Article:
" A voice was heard in Ramah,
wailing and loud lamentation,
Rachel weeping for her children;
she refused to be consoled, because they are no more."
These words are from over two and a half thousand years ago, a Jewish prophet giving a stark warning to the doomed people of Judah. They are quoted by the gospeller Matthew in his account of the nativity. They could be the words used of any number of places in the world today. The lamentations of mothers weeping for their children in the Congo, in Zimbabwe, in the Gaza strip, in Iraq, in Afghanistan. Or what about the mothers of teenagers killed by knives in London, the mother of Rhys Jones, the mother of Rachel Davies, killed by an airgun shot to the eye?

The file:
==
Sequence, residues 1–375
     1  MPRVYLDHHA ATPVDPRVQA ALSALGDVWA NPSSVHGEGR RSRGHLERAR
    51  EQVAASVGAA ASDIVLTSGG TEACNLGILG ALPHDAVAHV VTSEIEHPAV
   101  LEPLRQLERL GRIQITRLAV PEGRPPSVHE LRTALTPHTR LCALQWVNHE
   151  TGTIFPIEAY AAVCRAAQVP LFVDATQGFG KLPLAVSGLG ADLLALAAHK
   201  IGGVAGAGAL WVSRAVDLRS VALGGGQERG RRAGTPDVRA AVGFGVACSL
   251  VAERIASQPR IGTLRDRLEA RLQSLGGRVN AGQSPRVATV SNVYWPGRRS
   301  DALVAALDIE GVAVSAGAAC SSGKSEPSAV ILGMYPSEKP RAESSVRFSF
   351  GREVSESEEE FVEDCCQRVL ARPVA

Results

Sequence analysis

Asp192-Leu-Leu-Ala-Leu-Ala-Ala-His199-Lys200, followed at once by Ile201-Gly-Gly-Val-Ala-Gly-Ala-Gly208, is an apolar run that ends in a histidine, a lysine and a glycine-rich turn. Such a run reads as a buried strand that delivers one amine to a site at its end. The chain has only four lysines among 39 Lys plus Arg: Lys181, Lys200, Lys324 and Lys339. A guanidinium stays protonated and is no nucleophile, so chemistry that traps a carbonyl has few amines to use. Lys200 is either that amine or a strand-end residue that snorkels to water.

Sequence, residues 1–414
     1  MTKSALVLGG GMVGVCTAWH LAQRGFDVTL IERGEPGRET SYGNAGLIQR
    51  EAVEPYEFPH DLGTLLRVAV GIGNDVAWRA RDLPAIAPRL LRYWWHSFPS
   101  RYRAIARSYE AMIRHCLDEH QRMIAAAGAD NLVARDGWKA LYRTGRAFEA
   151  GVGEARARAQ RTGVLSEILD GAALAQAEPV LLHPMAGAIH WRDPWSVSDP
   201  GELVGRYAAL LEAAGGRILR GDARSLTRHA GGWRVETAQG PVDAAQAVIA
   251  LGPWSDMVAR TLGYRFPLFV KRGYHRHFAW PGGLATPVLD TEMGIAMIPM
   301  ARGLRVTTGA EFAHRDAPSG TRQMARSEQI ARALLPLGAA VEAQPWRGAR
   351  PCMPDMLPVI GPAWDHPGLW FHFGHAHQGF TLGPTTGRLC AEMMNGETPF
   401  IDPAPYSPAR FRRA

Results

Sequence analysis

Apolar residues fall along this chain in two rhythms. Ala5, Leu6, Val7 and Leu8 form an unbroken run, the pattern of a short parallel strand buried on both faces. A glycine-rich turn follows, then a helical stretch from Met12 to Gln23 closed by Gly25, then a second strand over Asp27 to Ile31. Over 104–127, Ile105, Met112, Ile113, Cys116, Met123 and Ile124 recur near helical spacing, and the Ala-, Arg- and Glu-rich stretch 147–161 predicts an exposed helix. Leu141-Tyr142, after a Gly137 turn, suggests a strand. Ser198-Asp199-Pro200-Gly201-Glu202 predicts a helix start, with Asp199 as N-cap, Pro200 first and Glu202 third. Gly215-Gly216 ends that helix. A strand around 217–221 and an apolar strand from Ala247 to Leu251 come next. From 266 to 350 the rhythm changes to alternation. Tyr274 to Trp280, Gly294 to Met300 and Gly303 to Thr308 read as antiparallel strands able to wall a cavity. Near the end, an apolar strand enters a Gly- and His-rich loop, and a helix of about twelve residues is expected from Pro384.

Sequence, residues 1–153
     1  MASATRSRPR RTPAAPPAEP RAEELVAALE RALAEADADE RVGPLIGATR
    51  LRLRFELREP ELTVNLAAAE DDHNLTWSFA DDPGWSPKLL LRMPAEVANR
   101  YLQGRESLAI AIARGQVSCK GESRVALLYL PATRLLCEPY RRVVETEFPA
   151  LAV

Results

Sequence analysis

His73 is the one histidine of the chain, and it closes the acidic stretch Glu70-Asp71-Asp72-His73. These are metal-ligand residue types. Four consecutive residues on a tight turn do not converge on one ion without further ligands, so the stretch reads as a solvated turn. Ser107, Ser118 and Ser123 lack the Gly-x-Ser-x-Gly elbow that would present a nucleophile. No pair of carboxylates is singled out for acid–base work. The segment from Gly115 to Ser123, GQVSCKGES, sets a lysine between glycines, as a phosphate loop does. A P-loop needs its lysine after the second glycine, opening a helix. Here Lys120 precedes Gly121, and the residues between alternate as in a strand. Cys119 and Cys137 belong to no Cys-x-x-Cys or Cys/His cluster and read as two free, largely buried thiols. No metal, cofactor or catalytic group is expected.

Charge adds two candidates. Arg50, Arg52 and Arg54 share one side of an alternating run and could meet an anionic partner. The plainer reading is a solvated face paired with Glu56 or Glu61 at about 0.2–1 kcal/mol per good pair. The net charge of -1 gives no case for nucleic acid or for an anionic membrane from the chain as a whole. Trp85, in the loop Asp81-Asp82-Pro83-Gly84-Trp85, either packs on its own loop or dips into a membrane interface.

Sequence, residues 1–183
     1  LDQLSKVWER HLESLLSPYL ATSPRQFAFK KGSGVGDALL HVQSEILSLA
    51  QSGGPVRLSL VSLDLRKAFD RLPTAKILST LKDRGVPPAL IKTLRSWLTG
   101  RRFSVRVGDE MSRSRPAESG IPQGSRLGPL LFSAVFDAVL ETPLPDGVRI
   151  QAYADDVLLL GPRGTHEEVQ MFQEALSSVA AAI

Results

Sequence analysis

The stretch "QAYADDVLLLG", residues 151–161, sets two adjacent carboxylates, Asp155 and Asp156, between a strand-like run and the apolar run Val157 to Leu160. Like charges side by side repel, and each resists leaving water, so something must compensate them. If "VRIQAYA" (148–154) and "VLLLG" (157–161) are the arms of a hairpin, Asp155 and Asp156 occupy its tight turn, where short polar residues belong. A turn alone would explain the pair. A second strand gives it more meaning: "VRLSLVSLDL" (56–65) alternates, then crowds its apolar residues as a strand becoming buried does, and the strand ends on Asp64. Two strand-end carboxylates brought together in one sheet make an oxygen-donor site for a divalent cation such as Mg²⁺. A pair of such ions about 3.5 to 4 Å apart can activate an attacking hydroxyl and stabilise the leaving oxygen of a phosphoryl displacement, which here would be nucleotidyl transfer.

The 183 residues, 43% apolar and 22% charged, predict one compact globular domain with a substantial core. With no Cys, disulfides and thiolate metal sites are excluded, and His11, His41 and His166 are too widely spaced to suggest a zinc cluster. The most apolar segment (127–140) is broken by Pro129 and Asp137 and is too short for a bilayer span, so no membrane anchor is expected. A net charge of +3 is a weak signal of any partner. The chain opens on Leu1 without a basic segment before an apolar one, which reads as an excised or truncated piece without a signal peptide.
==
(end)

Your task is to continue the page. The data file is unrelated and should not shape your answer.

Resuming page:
Matthew quoted those words after describing Herod's massacre of all the boys in Bethlehem aged two and under. The historical veracity of the story is awkward in fact, but the meaning is clear enough. The birth of the saviour - of God come to Earth - is placed firmly in a flawed world of murder, corruption, lies and power abuse. The only other writer to tell the nativity story is the gospeller Luke. He has a poor family at the mercy of greater political events, forced to take refuge in the most basic of shelters, and visited by such marginalised figures as shepherds from the hillside. There is much that I take from the nativity narratives (the flawed nature of man; the subversive reversal of roles as those whom the world calls great become marginal, and those whom the world marginalises come to the centre of the stage; the ultimate belief that be he ever so lost God still reaches out to mankind) but their firm rootedness in a world which is so recognisable today is what still gives them their immediacy. Forget the crappy music and tedious jollity, and go back to two short accounts that encapsulate the whole of the gospel story.